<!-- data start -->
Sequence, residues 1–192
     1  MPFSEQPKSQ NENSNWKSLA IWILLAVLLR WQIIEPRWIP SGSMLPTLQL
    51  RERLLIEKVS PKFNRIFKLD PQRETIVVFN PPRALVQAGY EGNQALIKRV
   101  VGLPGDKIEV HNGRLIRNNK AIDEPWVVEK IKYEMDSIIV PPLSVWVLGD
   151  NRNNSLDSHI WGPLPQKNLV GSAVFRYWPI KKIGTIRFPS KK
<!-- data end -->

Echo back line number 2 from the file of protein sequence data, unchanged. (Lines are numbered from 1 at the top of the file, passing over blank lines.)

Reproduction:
     1  MPFSEQPKSQ NENSNWKSLA IWILLAVLLR WQIIEPRWIP SGSMLPTLQL